Trump’s Cuba move more bark than bite


Carl P. Leubsdorf



Cheered by Cuban-American supporters in Miami’s Little Havana, President Donald Trump announced grandly he was “canceling” his predecessor’s “terrible and misguided deal” between the U.S. and Communist Cuba.

Fortunately, Trump exaggerated the extent of his actions. Unfortunately, he took some, once more positioning himself on the wrong side of both history and public opinion.

As President Barack Obama correctly foresaw, increasing Cuba’s relations with the democratic world, especially the United States, is far more likely to bring about change than the totally negative Cold War policy undertaken more than a half-century ago.

Ironically, just days earlier, Trump’s secretary of state, Rex Tillerson, took that very position, though not specifically with regard to Cuba, before the Senate Foreign Relations Committee.

“The more we engage with other nations on issues of security and prosperity, the more we will have opportunities to shape the human rights conditions in those nations,” said Tillerson, who was not at Trump’s Friday announcement. “History has shown that the United States leaves a footprint of freedom wherever it goes.”

To be fair, only unrealistic optimists believed Obama’s moves, in themselves, would end Cuba’s communist dictatorship and its policies curbing political dissent. Changes have eased the means of punishment, not ended it, reports Human Rights Watch, which monitors such issues around the globe.

“The Cuban government continues to repress dissent and punish public criticism,” it said. “It now relies less than in past years on long-term prison sentences to punish its critics, but short-term arbitrary arrests of human rights defenders, independent journalists and others have increased dramatically in recent years.”

At the same time, there has been a steady growth in internet access and in the country’s non-governmental economic sector, primarily by individual entrepreneurs who took advantage of the flood of new American tourists.

Greater American access to Cuba would expand that further, benefiting both countries, a position long held by many American businesses, especially in the agriculture sector. Both the National Association of Manufacturers and the U.S. Chamber of Commerce see Cuba as a ripe new market and want to end the 50-year-old U.S. trade embargo.

Caterpillar Inc., a major farm equipment manufacturer, issued a statement soon after Trump’s announcement that, “Caterpillar believes that engagement with Cuba continues to represent a strong opportunity — not just for American businesses, but to serve as a powerful tool for change.”

As for Trump, one motive may have been a desire to undo a signature Obama legacy.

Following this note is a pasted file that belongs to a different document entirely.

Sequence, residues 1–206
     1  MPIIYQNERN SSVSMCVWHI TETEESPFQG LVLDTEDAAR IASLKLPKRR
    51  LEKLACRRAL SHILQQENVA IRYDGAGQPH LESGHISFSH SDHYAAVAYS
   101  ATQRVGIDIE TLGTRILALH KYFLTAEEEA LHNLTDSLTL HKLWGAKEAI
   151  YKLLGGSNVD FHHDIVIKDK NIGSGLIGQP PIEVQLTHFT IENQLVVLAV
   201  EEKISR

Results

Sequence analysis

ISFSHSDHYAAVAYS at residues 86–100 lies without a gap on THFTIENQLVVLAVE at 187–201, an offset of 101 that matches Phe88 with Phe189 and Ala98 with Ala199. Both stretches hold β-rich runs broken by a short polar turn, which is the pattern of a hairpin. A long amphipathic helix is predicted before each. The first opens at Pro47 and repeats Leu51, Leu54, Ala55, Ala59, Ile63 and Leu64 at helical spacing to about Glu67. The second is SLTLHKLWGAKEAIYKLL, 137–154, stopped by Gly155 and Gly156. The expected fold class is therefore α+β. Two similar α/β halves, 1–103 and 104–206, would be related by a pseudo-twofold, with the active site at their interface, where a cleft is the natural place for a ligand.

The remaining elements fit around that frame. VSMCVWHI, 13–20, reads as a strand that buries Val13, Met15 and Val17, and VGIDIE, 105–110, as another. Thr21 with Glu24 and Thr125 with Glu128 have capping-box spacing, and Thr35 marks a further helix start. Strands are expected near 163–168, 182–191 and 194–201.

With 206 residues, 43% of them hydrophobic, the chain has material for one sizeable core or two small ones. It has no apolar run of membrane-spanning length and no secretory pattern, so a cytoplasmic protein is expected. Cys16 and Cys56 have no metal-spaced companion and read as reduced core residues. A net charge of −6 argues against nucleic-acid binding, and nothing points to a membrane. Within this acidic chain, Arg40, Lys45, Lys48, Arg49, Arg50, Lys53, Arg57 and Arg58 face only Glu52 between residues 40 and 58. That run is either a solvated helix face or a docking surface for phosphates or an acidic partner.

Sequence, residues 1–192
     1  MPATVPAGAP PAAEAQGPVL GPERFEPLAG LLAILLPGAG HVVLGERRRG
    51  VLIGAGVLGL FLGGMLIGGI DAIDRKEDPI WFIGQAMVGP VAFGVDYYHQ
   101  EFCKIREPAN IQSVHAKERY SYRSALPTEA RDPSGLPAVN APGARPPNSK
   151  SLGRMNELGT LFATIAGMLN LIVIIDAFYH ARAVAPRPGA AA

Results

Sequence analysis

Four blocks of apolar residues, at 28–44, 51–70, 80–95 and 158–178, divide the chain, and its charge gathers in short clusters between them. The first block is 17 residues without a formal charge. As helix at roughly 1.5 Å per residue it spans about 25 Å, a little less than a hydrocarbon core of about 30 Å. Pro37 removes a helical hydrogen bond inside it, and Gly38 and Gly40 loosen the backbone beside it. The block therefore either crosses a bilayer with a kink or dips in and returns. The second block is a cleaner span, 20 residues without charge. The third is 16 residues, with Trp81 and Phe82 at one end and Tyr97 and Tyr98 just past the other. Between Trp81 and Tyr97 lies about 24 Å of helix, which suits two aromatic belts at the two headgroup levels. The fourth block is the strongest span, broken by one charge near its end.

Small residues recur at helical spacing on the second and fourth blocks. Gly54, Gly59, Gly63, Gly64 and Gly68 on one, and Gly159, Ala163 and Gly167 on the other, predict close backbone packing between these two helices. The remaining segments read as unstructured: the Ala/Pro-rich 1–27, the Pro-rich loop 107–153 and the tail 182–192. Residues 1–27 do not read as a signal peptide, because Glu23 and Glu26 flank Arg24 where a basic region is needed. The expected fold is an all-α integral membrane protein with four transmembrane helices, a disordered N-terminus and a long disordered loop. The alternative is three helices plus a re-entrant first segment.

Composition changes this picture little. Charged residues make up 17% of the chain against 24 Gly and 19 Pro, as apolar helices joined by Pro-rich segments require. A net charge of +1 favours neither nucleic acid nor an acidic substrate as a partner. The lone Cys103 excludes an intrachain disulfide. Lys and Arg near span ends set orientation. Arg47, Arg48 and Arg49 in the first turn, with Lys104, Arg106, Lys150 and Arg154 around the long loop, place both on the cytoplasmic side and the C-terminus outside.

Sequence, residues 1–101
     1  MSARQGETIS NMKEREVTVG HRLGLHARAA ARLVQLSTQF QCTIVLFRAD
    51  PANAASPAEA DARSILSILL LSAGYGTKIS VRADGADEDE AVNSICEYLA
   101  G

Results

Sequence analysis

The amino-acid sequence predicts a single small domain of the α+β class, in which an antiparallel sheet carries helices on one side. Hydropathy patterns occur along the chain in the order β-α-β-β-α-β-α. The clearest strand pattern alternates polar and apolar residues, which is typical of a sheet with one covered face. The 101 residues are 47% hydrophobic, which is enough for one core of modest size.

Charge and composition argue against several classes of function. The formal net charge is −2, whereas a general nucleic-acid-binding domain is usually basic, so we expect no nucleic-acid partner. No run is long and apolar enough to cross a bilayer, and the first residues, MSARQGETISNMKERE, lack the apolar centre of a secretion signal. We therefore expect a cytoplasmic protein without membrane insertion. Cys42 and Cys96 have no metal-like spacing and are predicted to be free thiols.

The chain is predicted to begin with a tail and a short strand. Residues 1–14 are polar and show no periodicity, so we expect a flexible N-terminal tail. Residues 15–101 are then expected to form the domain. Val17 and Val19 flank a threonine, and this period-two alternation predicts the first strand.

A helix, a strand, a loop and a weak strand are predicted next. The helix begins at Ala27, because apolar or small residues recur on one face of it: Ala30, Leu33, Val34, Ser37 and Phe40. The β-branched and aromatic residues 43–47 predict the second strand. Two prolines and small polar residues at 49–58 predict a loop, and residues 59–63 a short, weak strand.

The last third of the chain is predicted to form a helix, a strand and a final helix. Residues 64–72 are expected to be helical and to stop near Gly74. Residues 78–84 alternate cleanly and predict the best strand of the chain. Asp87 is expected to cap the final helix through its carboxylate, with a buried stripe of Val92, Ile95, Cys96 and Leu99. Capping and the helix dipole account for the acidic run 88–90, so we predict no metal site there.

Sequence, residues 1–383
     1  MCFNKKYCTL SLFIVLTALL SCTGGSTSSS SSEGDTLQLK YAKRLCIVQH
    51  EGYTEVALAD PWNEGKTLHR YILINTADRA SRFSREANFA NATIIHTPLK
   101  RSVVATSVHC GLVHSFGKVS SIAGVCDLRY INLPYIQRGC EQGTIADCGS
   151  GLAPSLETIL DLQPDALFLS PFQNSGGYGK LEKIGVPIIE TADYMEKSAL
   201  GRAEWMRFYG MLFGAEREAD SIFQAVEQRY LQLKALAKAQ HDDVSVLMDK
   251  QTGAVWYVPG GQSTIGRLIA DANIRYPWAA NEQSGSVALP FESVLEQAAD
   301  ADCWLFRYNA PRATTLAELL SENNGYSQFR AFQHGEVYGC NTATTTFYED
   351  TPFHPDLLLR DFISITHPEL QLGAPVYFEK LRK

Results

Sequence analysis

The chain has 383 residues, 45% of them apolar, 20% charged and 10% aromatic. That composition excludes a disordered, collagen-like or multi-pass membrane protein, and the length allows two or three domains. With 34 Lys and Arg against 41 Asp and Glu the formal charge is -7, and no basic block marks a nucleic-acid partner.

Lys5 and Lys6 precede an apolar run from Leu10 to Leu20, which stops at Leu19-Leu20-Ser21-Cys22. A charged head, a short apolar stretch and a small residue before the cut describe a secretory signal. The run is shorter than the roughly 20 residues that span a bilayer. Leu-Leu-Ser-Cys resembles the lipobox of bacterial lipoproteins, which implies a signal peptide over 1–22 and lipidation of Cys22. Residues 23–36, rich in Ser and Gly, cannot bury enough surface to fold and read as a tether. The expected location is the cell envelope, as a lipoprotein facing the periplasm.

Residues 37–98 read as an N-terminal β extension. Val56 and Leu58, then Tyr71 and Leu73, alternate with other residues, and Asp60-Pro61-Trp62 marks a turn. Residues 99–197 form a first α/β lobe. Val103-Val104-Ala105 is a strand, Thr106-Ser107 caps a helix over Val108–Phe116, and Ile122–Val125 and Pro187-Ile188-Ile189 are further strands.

Much of his 2016 campaign rhetoric was aimed at Obama’s policies, including a September speech in Miami vowing to reverse “all of the concessions that Barack Obama has granted the Castro regime … unless the Castro regime meets our demands. Those demands will include religious and political freedom for the Cuban people and the freeing of political prisoners.”

None of those “demands” have been met. But, despite Friday’s sweeping language, Trump’s actual steps stopped far short of reversing all of Obama’s moves.

Diplomatic relations will continue, as will the ability of Cuban-Americans to send money to their relatives on the island and the expanded telecommunications and internet access there. Trump’s main step was to restore some limits on U.S. travel to Cuba by individual Americans, including banning business with hotels and restaurants controlled by the Cuban military.

With Trump, it’s often difficult to determine the degree to which such moves are primarily ideological or political. In this case, the political appeal may be limited to a small area of south Florida — if there.

A recent poll by the nonpartisan Morning Consult for a group supporting expanded trade with Cuba showed 64 percent of Republicans favored maintaining Obama’s trade and travel liberalization and 55 percent of them favored scrapping the U.S. trade embargo entirely.

In Washington, a bipartisan coalition of 55 of the Senate’s100 members has cosponsored legislation to end the embargo. But Trump’s opposition probably precludes early action.

Even in Florida, the percentage of Cuban-American voters favoring the GOP’s hard line toward Cuba has gone down as the population has aged. Once heavily Republican, the state’s Cuban-Americans voted relatively evenly in 2012 and 2016, though Trump did slightly better than Mitt Romney in 2012. But two decades earlier, former President George Bush polled more than three-fourths of Florida’s Cuban-American vote.

Meanwhile, the Democratic share of Florida’s growing non-Cuban Hispanic vote has risen sharply, to about 60 percent for both Obama and Hillary Clinton.

The best news about Trump’s speech is that it is more bark than bite. As in other areas, hopes for restoring a more realistic policy will have to await the election of another president.

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Carl P. Leubsdorf

Carl P. Leubsdorf is a columnist for The Dallas Morning News. Readers may email him at carl.p.leubsdorf@gmail.com. Column courtesy of the Associate Press.

Carl P. Leubsdorf is a columnist for The Dallas Morning News. Readers may email him at carl.p.leubsdorf@gmail.com. Column courtesy of the Associate Press.